Meal & Rest Breaks

Rest Periods

Employers routinely fail to provide hourly-paid employees with work-free rest periods during working hours. According to California law, employers must provide hourly-paid employees with one 10 minute paid rest period for every four hours of work. This is because rest periods are considered part of working hours, and are therefore generally compensable.

An employer who fails to provide rest periods must pay the employee one additional hour of pay at the employee’s regular rate for each day that a rest period was not provided. Such violations can expose even small employers with few employees to massive potential liability. Both Federal and California protect you from retaliation for reporting and/or enforcing your wage and hour rights. Therefore, if you believe that you (and possibly your co-workers) have been denied rest periods, your best recourse is to contact a meal and rest break attorney at Workplace Justice Advocates, a Professional Law Corporation, to see if you can pursue an individual or class action lawsuit against your employer.

Meal Periods

Similar to rest breaks, employers will often require employees to “waive” or work through their lunch break, in violation of the law. California law provides that employees who work more than 5 hours in a day are entitled to a meal period of at least 30 minutes; and a second meal period of at least 30 minutes if they work more than 10 hours in a day. The 30-minute meal period is generally not a part of working hours if the employee is relieved of all duties.

An employer who fails to provide proper off-duty meal periods must pay the employee one additional hour of pay at the employee’s regular rate for each work day that the meal or rest period was not provided. Employers need not “ensure” that no work is performed during a meal period, so long as the employer relieves the employee of all duty, the employer is not liable for a meal period premium if the employee chooses to work (unless the employee is pressured by the employer to perform work). On the other hand, if the employer knew (or reasonably should have known) the employee was working during the meal period, the employer will be liable for payment of the employee's regular (or overtime) wage for that time worked.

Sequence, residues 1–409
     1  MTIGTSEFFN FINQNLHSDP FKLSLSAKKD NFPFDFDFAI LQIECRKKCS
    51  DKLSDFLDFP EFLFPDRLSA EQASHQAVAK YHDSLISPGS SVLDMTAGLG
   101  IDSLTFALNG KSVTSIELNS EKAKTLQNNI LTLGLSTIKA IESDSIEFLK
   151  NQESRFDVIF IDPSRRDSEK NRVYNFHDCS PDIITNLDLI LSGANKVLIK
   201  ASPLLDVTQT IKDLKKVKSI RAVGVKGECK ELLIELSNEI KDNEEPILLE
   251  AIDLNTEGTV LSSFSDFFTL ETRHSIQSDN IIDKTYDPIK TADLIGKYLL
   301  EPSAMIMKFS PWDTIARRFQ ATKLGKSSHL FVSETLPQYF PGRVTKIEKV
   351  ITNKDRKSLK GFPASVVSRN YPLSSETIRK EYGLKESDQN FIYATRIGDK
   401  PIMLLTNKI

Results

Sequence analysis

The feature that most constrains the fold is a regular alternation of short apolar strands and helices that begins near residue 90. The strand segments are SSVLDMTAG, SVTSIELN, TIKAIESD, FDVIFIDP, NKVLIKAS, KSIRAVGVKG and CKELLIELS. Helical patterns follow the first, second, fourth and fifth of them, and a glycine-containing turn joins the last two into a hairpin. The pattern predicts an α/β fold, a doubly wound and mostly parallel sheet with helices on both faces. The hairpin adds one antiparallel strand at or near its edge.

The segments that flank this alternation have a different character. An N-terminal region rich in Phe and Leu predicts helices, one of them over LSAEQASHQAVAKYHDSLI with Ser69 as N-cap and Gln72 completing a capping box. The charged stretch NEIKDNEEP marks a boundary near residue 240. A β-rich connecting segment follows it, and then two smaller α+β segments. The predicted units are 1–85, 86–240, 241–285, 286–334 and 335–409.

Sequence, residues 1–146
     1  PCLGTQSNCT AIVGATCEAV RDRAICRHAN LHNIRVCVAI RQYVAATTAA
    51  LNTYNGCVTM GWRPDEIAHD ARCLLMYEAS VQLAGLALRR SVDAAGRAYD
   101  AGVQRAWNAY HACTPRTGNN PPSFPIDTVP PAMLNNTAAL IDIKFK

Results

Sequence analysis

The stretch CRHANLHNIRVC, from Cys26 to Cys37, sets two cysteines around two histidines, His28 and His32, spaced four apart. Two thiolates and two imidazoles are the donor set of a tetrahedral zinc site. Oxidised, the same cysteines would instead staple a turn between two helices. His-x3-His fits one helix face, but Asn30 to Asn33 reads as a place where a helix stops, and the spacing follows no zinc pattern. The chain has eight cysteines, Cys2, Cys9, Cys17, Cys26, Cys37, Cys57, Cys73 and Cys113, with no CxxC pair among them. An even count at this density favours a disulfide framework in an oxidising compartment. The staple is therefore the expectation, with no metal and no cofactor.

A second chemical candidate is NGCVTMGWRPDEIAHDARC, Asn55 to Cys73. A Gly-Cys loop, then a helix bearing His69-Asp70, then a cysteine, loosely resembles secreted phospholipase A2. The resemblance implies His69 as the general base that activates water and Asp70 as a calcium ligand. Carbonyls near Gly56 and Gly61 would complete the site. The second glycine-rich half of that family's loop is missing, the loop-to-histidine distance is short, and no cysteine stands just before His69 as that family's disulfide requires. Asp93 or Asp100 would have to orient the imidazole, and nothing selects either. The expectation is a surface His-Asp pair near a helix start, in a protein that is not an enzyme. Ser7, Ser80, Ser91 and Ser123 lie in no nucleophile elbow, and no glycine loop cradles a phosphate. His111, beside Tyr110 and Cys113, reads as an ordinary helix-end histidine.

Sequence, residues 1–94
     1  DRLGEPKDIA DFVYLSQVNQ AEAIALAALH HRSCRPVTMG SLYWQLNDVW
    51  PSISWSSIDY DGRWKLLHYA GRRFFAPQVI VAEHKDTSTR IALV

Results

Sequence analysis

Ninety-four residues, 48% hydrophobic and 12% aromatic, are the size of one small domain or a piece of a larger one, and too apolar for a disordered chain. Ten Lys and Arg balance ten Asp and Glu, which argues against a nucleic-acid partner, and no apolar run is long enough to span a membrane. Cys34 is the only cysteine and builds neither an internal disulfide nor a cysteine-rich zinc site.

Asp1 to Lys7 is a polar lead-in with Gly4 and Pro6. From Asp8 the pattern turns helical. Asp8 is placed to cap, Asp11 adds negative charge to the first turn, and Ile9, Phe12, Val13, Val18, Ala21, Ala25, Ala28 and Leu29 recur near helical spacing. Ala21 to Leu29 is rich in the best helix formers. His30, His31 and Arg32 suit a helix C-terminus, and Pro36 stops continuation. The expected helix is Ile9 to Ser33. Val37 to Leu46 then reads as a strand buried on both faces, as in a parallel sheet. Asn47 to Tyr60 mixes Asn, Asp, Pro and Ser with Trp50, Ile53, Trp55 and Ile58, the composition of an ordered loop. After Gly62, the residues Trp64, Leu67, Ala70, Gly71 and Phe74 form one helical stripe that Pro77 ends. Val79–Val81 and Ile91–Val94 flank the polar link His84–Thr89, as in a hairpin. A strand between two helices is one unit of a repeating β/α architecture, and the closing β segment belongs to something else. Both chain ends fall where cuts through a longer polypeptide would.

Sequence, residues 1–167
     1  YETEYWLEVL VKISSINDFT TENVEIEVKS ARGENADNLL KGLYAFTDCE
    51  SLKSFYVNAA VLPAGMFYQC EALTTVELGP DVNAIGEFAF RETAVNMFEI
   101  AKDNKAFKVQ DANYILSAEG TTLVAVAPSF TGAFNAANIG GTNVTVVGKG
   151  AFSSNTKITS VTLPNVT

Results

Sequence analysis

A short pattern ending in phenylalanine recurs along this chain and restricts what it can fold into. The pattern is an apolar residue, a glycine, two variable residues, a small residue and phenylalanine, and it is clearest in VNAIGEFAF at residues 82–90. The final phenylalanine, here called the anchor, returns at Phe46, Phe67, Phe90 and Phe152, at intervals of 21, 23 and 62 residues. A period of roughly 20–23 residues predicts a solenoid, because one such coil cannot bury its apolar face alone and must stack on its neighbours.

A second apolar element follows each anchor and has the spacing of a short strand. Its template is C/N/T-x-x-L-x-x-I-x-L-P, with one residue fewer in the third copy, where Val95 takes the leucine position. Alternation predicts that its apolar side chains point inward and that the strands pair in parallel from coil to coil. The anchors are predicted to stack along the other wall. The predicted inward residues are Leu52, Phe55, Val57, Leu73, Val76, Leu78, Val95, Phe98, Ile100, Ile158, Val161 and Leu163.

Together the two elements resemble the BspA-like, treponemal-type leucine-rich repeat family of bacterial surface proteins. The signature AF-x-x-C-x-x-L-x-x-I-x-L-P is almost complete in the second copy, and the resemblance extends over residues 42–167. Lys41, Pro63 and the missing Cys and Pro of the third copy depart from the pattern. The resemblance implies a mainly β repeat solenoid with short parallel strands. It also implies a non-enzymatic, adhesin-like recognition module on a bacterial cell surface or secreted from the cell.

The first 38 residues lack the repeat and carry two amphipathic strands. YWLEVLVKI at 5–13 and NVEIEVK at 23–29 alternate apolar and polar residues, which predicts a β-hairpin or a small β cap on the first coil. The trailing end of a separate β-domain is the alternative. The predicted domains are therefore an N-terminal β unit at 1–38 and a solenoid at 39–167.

If you believe that you (and possibly your co-workers) have been denied work-free meal breaks in accordance with the law, take action and speak with a meal and rest break attorney at Workplace Justice Advocates, a Professional Law Corporation, to see if you can pursue an individual or class action lawsuit against your employer. Again, the law protects employees and punishes employers if they attempt to intimidate, penalize or retaliate against you for reporting wage and hour violations and/or enforcing your rights. Contact us today to get started on your claim.

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